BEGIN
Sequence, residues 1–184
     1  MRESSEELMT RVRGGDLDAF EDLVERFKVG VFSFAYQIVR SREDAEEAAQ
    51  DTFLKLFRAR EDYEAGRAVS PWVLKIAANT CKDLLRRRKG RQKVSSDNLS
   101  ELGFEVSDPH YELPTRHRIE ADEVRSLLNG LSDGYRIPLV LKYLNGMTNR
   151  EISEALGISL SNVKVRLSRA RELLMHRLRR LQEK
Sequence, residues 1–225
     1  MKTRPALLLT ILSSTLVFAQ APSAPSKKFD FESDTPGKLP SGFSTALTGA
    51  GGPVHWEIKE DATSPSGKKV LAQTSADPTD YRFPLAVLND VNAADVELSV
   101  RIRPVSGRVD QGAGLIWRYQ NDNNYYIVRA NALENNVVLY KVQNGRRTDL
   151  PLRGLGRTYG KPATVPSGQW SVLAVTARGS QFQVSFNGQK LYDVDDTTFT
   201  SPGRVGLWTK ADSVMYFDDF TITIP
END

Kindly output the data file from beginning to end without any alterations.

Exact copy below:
Sequence, residues 1–184
     1  MRESSEELMT RVRGGDLDAF EDLVERFKVG VFSFAYQIVR SREDAEEAAQ
    51  DTFLKLFRAR EDYEAGRAVS PWVLKIAANT CKDLLRRRKG RQKVSSDNLS
   101  ELGFEVSDPH YELPTRHRIE ADEVRSLLNG LSDGYRIPLV LKYLNGMTNR
   151  EISEALGISL SNVKVRLSRA RELLMHRLRR LQEK
Sequence, residues 1–225
     1  MKTRPALLLT ILSSTLVFAQ APSAPSKKFD FESDTPGKLP SGFSTALTGA
    51  GGPVHWEIKE DATSPSGKKV LAQTSADPTD YRFPLAVLND VNAADVELSV
   101  RIRPVSGRVD QGAGLIWRYQ NDNNYYIVRA NALENNVVLY KVQNGRRTDL
   151  PLRGLGRTYG KPATVPSGQW SVLAVTARGS QFQVSFNGQK LYDVDDTTFT
   201  SPGRVGLWTK ADSVMYFDDF TITIP